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Captain Brett McBride streams seawater over the gills of a nearly 15-foot, 2,292-pound great white shark on the research vessel Ocearch in the Atlantic Ocean off the coast of Chatham.
Wednesday September 19, 2012

CHATHAM (AP) -- The scientists and fishermen on board the Ocearch, a repurposed crabbing vessel, received word that their scouting boat had hooked a great white shark, sparking a flurry of activity.

They were about to get up close and personal with the animal, more than 2,000 pounds and nearly 15 feet long.

"I'm nervous," said state shark expert Greg Skomal, who has tagged great whites, but never like this, never this close.

The Ocearch crew tags great white sharks in an unorthodox way. Unlike Skomal's team, which has tagged a dozen great whites off the Massachusetts coast with harpoons, Chris Fischer's Ocearch crew baits the fish and leads them onto a large platform that lifts them out of the water for tagging and collecting blood, tissue and semen samples.

Ocearch, a nonprofit re search organization named for a combination of "ocean" and "research," is crewed mainly by sport fishermen. It is funded by sponsors and donors, and a South Africa expedition was the subject of History channel's "Shark Wranglers."

Now, Ocearch has come to Cape Cod for a few weeks, minus the reality show and plus local scientists, to help shed light on the sharks' migration patterns, protect breeding and birthing sites, improve public safety and raise awareness about the threatened species that is a rising presence in the area.

"We have massive knowledge gaps about how to protect their future," said Fischer, Ocearch's expedition leader.

Five years of pings

Ocearch's real-time satellite tags last five years. Each time sharks' dorsal fins breaks the surface, the tags ping a satellite and mark an online map.

The work is dangerous for both man and fish. One shark died on the lift in South Africa. The crew tries to return sharks to the water within 15 minutes.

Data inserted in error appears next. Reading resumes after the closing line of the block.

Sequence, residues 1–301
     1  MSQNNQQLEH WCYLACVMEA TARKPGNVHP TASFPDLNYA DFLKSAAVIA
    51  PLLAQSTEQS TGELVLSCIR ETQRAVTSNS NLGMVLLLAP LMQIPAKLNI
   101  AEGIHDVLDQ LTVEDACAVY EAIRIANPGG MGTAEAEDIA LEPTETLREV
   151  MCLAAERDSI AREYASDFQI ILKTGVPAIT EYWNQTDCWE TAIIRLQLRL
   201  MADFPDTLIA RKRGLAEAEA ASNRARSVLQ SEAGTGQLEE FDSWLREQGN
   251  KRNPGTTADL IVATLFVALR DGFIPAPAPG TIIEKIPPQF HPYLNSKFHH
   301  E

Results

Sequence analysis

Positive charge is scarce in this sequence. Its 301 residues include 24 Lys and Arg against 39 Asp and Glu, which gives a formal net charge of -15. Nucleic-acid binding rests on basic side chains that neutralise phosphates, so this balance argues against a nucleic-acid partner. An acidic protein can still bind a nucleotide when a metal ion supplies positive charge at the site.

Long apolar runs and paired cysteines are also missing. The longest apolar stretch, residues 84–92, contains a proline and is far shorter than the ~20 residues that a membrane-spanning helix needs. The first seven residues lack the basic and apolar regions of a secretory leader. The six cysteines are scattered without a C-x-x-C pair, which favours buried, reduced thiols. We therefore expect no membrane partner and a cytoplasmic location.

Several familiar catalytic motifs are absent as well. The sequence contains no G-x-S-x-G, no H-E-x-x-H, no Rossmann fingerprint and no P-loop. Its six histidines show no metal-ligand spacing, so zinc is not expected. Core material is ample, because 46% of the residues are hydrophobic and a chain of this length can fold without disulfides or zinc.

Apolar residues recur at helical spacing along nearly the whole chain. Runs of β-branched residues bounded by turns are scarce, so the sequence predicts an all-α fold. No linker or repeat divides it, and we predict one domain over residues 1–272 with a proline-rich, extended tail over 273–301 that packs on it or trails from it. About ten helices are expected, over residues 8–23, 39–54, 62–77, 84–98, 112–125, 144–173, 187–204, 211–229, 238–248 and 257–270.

"I used to be nervous of what they'd do to me," co-captain Jody Whitworth said. "Now I worry that we'll hurt them."

Most of Fischer's crew spends each day on a boat barely bigger than the great whites, traveling among chum locations and looking for sharks.

Just after dusk on Sept. 13, they spotted a great white and hooked it. Then, the small boat's crew slowly led the shark four miles to the 126-foot Ocearch.

Ocearch Capt. Brett McBride guided the shark onto the wooden platform with metal sides. Barefoot, he jumped in too. The lift slowly rose out of the water, level with Ocearch's deck.

The shark thrashed and bared her teeth as the water receded, curving her head and tail into the air.

McBride threw a wet towel over her eyes and removed the two-foot hook from her mouth. He pumped water over her gills with two large hoses.

The crew jumped onto the lift in their jeans and long-sleeve shirts, and the clock began.

Nearly 15 feet long

They measured the fish -- 14 feet, 8 inches and 2,292 pounds -- and screwed the satellite tag, an accelerometer and an acoustic tag onto her dorsal fin with a power drill. Researchers collected blood and tissue samples.

After nearly 15 minutes, everybody scrambled off as the lift was lowered back into the water.

McBride grabbed Genie's tail and slowly guided her back into the ocean. They were done in 16 minutes flat. Genie drifted down into the dark water. The crew clinked beer cans and soda cups.

"That one shark alone was worth the trip," McBride said, noting she might lead researchers to breeding and birthing sites. "Any time we tag a great white shark it adds tremendous information to what we already know, which is very little."

Genie has pinged several times in the waters off Nantucket. So far, she's the crew's only catch.